The CHERI Processor: Revisiting the Hardware-Software Interface for Security

Robert N.M. Watson

Robert N.M. Watson

University of Cambridge

MONDAY July 6th, Noon, Room 110

This talk will not be recorded or webcast.

Abstract:

The last five years, supported by DARPA’s CRASH and MRC research programmes, SRI International and the University of Cambridge have been engaged in a project to revisit the fundamentals of CPU instruction-set design to improve security. The Capability Hardware Enhanced RISC Instructions design (CHERI) extends a conventional RISC Instruction-Set Architecture (ISA), processor, compiler, and operating system to support fine-grained, capability-based memory protection able to support both mitigation of memory-related vulnerabilities in C-language TCBs, and also extremely scalable software compartmentalisation grounded in the principle of least privilege. Prototyped as a 64-bit RISC FPGA soft-core processor, and using the FreeBSD operating system, LLVM compiler suite, and open-source applications, we demonstrate strong and efficient mitigation of numerous current exploit techniques (e.g., buffer overflows, ROP attacks) and also in-address-space compartmentalisation intended to mitigate future unknown classes of vulnerabilities and exploits. The CHERI model composes cleanly with current ISAs and software designs, and in particular, virtual memory memory based in Memory Management Units (MMUs) and C-language code, and offers an incremental adoption path for a stronger underlying protection model. This talk describes the architecture (published in a series of papers at ISCA, ASPLOS, and IEEE S&P), experimental approach grounded in hardware-software co-design, and potential transition directions.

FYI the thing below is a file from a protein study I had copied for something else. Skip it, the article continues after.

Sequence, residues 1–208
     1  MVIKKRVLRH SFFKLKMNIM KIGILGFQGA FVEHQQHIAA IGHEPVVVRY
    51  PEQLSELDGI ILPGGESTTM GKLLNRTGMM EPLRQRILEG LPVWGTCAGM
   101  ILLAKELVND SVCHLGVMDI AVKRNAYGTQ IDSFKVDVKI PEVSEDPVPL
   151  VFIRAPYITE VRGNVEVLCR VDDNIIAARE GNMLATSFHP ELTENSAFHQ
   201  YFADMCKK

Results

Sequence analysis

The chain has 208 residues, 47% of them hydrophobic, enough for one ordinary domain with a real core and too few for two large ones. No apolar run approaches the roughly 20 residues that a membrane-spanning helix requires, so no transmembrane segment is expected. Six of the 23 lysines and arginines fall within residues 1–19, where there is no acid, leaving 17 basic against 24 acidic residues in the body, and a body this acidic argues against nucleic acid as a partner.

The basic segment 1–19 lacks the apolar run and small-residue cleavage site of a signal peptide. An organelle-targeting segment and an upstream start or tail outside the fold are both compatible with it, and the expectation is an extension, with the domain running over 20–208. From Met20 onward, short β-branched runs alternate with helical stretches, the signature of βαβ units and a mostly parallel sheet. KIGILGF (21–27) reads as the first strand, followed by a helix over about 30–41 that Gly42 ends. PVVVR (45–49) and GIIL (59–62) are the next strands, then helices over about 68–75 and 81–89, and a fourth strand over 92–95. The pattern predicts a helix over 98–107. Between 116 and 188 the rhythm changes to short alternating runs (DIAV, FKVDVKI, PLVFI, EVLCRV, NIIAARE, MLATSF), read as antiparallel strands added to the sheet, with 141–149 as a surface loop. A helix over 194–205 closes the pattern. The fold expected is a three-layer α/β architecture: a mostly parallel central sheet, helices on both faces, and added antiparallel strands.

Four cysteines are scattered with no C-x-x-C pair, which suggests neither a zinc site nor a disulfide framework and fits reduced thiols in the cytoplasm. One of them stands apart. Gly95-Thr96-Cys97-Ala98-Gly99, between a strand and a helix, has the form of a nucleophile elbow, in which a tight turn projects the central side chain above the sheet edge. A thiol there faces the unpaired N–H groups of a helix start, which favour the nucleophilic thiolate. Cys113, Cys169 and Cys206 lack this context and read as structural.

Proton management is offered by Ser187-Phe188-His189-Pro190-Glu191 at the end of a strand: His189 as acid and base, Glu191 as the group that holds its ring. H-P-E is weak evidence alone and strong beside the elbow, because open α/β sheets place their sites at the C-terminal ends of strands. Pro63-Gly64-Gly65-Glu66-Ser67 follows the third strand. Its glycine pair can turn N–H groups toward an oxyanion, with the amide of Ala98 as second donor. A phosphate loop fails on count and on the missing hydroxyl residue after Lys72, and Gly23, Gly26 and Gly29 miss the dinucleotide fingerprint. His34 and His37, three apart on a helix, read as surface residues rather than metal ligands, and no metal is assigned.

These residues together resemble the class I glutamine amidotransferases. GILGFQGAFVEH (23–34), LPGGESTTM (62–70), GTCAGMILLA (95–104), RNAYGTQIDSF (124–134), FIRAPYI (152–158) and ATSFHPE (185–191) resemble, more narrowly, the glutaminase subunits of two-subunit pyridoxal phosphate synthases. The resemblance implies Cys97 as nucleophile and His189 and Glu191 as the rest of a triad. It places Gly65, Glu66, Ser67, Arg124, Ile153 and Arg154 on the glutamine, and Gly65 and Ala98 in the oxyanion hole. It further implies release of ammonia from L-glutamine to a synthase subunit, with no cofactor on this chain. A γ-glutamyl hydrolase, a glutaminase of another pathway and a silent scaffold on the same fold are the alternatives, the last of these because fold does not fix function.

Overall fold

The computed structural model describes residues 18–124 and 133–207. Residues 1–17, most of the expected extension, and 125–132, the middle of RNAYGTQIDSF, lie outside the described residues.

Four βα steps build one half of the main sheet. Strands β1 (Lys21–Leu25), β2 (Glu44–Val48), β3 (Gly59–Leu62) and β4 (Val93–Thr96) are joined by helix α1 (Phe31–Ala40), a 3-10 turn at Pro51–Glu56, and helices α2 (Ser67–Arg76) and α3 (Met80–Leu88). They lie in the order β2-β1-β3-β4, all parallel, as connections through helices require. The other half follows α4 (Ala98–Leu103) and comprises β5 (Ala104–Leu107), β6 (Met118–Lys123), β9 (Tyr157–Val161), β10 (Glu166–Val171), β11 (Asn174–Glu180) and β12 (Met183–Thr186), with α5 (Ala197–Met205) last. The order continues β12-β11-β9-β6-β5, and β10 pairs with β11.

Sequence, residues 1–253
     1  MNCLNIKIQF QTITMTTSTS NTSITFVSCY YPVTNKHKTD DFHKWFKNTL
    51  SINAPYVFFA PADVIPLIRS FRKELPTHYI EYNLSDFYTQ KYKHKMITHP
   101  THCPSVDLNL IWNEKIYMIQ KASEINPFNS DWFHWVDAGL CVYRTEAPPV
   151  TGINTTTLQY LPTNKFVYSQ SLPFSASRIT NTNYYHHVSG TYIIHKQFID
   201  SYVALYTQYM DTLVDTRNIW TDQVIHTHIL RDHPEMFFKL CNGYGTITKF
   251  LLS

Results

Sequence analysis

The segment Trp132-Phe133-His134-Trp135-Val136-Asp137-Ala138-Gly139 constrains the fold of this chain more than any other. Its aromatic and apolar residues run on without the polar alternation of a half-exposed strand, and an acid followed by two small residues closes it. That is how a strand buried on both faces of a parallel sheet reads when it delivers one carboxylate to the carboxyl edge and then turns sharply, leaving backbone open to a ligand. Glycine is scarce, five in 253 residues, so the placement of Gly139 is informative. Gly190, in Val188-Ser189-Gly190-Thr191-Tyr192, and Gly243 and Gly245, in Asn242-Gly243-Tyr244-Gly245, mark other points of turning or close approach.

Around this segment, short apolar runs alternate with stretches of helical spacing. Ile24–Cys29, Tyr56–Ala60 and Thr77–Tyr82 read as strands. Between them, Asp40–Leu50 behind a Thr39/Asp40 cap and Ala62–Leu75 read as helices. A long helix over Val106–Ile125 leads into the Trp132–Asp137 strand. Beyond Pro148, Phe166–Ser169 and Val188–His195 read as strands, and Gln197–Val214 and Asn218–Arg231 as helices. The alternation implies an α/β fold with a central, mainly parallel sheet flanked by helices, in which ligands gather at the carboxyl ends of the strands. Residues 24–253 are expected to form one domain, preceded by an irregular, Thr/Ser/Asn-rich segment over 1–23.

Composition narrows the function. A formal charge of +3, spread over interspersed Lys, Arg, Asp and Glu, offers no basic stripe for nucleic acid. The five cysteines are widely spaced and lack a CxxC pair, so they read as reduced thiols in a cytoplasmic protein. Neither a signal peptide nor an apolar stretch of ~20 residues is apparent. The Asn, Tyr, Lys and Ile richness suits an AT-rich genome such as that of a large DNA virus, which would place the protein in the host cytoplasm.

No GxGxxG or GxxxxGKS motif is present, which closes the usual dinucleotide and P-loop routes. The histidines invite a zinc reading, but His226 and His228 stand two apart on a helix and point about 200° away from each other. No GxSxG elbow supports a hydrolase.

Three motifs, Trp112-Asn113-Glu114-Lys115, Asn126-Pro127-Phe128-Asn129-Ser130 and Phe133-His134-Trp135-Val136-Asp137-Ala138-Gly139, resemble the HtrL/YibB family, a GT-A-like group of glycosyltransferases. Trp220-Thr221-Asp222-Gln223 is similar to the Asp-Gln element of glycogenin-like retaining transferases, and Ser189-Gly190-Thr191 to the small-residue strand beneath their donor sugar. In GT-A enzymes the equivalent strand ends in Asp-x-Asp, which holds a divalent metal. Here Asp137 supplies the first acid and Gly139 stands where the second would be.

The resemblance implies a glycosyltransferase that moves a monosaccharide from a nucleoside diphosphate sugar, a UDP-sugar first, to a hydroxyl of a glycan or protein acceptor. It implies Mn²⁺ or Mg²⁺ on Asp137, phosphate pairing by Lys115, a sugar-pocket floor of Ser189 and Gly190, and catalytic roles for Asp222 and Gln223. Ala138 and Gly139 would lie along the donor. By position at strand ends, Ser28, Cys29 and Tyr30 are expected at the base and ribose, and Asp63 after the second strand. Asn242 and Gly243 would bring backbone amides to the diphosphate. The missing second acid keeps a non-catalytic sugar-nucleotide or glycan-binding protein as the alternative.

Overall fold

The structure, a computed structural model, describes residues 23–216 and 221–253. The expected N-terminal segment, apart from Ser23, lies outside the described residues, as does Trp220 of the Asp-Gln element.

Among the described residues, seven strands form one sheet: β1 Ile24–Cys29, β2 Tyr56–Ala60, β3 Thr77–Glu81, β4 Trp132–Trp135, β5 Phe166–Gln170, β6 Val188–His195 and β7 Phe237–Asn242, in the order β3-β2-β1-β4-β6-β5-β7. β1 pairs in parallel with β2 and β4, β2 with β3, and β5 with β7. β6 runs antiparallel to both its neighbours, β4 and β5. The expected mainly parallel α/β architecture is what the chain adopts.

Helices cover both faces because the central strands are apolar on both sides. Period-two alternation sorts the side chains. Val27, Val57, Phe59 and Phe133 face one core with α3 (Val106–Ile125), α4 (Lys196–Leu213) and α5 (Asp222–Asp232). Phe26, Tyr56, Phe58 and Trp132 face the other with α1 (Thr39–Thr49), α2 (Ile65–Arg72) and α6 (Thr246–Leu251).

Speaker:

As VP & CTO, Bret Hartman is responsible for defining the corporate security technology strategy for Cisco, as implemented by the Security Business Group.

Robert N.M. Watson is a University Lecturer in Systems, Security, and Architecture at the University of Cambridge Computer Laboratory. He is involved in several research groups at the lab, including Security, Networks and Operating Systems, and Computer Architecture. Current projects include CTSRD, a project in collaboration with SRI International looking at clean-slate hardware and software designs for security. Recent completed projects include the Capsicum hybrid capability system, system-call interposition concurrency problems, and the TrustedBSD MAC Framework, a widely deployed OS access-control extensibility framework (now found in FreeBSD, Mac OS X, Apple iOS, Junos, and other products). Robert has a strong interests in open-source software, is on the board of directors of the FreeBSD Foundation, and was founder of the FreeBSD Project. He earned his PhD from the University of Cambridge.